Therefore, it seems that both writing and reading literature demonstrates healing properties.  It is helpful to acknowledge what a great source of help memoir can be in overcoming trauma, aiding self-development and providing information and enjoyment for people from all walks of life.





Books, including some of my own

Books, including some of my own

Over the past month or so, especially with a new book out (the other writer in me), I have been fretting about reception, reviews and sales. And plot points and character motivation in my current WIP. I’ll add that along with the worrying I have been working to improve my chances of success in the areas I have a modicum of control over. But last night I had a salutary reminder of how lucky I am; not as a writer per se, although I do consider myself fortunate, but in life.

14-year-old Ginger1 is doing his bronze Duke of Edinburgh award and for the community/ volunteering aspect he was clear from the outset that he wanted to work with homeless people. This wasn’t going to be easy to arrange, especially given his age, but we are fortunate in that I have a loose connection to a charity that runs a soup kitchen, Safe Haven. After some time away – weeks without a babysitter to care for Ginger2 while we’re out, followed by a holiday in Italy – last night we went into the centre of town to offer our services once again.

During the summer months a charity linked with Safe Haven prepares and distributes hot meals from a food van on the car park outside St Peter’s Church in Brighton. Throughout the rest of the year, during term time, Safe Haven provide a two-course sit-down meal inside the church. Between the two organisations, on average 100 guests are fed every Saturday evening, 52 weeks a year, and last night was no exception. We prepared a supper of potato salad and a BLT (with a veggie option) followed by cake and as many cups of tea, coffee or hot chocolate as guests can drink. At one point the queue was enormous – bacon can’t be rushed – and one guest became very agitated. He tried to jump the queue and in so doing upset others. He shouted and yelled and waved his arms about; he’d been drinking, as had many others. Ginger1 looked alarmed. A charity staple went over to calm the man who was now on the verge of crying. It became apparent that he was street homeless – most are poorly housed, in insecure homes or trapped in a cycle of addiction and poverty – and he’d not eaten for three days. Three days.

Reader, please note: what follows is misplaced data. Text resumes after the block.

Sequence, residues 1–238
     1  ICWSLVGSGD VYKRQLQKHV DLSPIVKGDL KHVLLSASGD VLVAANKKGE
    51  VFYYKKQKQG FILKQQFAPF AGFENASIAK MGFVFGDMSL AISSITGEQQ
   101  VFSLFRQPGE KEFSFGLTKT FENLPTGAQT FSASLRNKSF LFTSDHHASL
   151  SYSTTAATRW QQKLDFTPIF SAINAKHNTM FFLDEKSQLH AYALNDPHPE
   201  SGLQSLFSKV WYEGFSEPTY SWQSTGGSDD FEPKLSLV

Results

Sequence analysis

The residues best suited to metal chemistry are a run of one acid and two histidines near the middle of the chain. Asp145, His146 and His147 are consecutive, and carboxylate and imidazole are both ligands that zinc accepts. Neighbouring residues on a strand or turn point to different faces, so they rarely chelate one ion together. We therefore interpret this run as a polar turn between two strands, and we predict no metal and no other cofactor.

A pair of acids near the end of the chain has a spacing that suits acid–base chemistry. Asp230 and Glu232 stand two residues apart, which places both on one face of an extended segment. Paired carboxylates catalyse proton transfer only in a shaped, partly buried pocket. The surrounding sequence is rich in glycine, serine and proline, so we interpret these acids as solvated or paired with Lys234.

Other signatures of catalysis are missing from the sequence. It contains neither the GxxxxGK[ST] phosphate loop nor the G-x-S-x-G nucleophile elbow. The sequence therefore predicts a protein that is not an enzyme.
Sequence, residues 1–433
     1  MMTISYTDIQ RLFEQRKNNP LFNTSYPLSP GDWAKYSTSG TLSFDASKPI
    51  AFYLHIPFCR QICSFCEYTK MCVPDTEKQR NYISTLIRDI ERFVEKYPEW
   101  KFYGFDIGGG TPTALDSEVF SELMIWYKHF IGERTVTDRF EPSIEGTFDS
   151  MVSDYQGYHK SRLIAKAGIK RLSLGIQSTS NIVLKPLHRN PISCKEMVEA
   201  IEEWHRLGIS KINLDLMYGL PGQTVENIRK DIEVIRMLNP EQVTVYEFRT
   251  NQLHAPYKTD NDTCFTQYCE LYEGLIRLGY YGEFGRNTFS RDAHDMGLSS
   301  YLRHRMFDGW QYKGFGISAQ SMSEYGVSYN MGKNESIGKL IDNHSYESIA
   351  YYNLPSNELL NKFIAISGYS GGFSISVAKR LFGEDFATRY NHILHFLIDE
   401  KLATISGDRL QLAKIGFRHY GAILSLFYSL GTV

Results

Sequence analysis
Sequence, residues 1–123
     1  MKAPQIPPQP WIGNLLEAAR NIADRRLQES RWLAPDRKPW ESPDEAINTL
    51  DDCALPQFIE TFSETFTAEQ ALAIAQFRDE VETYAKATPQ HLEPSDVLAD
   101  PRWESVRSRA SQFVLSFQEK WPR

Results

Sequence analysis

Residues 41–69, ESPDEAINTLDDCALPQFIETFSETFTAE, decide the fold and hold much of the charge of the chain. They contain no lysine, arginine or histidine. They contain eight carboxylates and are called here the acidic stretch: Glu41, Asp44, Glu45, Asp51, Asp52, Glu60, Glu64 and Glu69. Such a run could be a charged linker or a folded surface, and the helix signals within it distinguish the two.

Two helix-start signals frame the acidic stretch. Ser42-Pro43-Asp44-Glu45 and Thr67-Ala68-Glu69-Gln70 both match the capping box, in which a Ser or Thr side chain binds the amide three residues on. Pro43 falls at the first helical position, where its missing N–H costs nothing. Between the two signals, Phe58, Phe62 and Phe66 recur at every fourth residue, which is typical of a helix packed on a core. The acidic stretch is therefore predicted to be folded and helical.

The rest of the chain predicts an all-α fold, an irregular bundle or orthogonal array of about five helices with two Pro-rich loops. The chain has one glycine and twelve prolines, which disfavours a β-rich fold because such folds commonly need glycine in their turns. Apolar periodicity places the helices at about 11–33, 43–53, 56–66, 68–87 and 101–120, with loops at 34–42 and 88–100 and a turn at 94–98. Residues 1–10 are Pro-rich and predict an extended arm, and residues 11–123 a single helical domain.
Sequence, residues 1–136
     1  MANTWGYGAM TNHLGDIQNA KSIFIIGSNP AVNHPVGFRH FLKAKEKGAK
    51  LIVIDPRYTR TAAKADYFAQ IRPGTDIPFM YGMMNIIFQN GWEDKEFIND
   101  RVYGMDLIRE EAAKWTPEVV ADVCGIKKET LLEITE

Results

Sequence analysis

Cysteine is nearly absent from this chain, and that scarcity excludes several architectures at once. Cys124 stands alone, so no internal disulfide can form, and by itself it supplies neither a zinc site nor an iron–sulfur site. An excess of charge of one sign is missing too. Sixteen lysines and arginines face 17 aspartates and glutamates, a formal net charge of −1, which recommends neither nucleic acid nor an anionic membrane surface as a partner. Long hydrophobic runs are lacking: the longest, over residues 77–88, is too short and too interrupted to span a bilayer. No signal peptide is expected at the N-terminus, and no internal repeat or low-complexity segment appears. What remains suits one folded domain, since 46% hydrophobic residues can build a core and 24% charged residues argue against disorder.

Our well-stocked fridge

Our well-stocked fridge

Once he was relaxed, we gave him his supper and all was well. After a couple of hours Ginger1 and I returned to our comfortable home, with our well stocked fridge and cupboards. And we talked about how it must feel not to eat for days; how confused you might feel, how desperate, how grumpy; why you might drink alcohol or take drugs to ease and numb the pain. How lonely and isolating it can be living on the streets. Barely three hours pass without nourishment of some description passing my boys’s (and my own) mouths.

I reflected on my own worries and concerns. How small and insignificant they are in the scale of things, by comparison to the daily struggles of so many people. Ginger1 is getting such a lot out of volunteering, helping and talking with people whose life experience is far removed from his own. And though I began as chaperone, I am getting as much out of the experience as he is. Books might nourish the mind and soul, but without food in your belly you’re receptive to little.

I am lucky and I am grateful for my good fortune. Enough said.

If you’d like to donate to Safe Haven, please click here.